We’re used to driving across bridges to get from place to place, but have you ever wondered how these ambitious architectural Goliaths were first created? Engineering and Architecture dives into the how with an eye-opening animation that demonstrates the construction of the Charles Bridge in Prague from 1357-1402. The bridge is part of an iconic composition across the Vltava (Moldau) river in the popular Czech Republic city. Spanning nearly 1,700 feet and over 33 feet wide, it is a popular tourist destination and holds high historical significance for the city.

The video itself cleverly breaks down the nearly 50-year-long construction process of the Charles Bridge. First, we see the execution of individual footings in the water, from preliminary structural elements to the draining of water from the interior of the footing. It later zooms out from the individual footings and explains the bridging across each element.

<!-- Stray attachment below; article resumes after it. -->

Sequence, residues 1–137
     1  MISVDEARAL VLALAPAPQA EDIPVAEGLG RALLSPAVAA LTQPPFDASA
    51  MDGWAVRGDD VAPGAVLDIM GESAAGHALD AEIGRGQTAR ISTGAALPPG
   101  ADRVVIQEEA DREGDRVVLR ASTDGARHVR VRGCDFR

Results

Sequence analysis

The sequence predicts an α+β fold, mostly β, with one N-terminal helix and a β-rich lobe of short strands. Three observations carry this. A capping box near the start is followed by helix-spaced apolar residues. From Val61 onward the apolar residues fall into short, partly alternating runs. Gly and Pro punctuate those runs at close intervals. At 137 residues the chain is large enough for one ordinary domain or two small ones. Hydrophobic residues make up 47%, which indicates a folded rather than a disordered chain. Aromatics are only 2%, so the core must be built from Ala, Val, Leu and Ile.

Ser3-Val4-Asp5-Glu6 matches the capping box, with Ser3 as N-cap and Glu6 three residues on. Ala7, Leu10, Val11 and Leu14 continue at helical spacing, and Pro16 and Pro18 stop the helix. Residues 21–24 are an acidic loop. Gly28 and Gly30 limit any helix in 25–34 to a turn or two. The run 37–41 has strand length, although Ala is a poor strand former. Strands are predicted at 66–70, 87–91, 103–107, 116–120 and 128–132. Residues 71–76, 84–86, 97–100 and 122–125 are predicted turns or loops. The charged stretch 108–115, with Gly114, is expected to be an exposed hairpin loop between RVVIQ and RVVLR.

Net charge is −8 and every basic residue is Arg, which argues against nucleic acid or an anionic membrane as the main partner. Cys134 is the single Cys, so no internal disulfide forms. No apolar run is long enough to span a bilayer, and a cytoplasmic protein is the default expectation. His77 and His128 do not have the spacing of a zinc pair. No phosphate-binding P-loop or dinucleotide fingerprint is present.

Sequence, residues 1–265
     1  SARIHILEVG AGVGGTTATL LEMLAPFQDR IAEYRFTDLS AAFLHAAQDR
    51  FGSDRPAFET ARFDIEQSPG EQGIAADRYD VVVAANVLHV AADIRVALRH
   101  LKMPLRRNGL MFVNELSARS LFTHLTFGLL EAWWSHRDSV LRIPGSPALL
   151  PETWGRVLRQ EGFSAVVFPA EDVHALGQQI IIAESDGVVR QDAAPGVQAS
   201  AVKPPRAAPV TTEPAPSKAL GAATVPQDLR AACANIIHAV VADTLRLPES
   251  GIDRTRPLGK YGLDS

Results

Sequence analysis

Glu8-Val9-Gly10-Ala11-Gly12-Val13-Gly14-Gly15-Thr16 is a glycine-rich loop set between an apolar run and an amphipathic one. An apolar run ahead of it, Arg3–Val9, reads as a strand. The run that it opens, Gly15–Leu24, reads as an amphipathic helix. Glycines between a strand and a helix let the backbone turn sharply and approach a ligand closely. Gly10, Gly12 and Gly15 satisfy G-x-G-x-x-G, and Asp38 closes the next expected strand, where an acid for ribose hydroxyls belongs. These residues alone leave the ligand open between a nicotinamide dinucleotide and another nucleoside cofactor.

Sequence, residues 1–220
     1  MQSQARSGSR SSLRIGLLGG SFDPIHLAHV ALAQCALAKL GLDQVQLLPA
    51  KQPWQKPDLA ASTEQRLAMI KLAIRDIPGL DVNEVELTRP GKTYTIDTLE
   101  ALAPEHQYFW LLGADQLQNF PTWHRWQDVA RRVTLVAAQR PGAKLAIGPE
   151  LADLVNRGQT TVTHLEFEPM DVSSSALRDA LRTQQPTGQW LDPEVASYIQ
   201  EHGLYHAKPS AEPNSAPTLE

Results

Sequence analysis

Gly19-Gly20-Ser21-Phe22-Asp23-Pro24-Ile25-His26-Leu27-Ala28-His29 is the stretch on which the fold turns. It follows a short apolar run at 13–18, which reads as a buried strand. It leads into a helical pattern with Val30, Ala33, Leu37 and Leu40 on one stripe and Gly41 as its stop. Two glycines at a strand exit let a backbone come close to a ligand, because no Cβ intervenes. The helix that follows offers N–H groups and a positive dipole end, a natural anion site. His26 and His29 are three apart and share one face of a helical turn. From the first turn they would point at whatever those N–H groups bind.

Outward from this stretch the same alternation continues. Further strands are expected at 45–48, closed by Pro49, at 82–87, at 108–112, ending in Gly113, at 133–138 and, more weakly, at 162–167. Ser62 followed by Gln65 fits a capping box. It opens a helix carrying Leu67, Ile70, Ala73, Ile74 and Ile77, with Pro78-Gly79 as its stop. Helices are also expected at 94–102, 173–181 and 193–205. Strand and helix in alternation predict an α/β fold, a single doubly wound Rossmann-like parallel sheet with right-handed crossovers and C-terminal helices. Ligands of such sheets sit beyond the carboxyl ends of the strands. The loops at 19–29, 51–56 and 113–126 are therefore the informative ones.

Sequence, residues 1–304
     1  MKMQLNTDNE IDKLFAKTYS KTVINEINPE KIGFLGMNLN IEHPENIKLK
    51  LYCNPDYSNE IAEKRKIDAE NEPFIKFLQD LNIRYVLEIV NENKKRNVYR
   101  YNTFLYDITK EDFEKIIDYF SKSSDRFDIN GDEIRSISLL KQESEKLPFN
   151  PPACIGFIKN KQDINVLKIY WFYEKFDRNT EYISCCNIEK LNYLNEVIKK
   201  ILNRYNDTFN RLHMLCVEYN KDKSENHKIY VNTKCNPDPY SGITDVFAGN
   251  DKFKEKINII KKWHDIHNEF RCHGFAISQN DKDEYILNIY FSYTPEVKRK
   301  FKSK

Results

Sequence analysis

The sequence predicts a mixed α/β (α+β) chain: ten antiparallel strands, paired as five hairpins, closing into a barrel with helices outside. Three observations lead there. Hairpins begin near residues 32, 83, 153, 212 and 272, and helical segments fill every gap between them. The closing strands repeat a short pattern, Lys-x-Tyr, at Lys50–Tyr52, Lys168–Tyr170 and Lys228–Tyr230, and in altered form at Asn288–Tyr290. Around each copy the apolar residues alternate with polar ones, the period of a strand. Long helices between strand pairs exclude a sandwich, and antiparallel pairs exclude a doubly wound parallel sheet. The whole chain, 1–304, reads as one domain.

These arches are supported by temporary wooden frameworks used for the creation of perfect brick arches. A pulley system is used to lift supplies from boats waiting beneath the structure. Impressive piles of stone and other materials create the infill for all elements. Once the footings and arches are completed, the animation demonstrates the infill and pavement used for the top walking surface of the bridge. Finally, the animation zooms out to the completed box bridge—an impressive structure of 16 arches.

The Charles Bridge was not a new project, it was commissioned to replace the old Judith bridge that was flooded and seriously damaged in 1342. The current bridge was completed under the name Stone Bridge or Prague Bridge, but was later named Charles Bridge after King Charles IV who commissioned it.

Watch the animation below to take trip back in history and learn more about the construction of the Charles Bridge.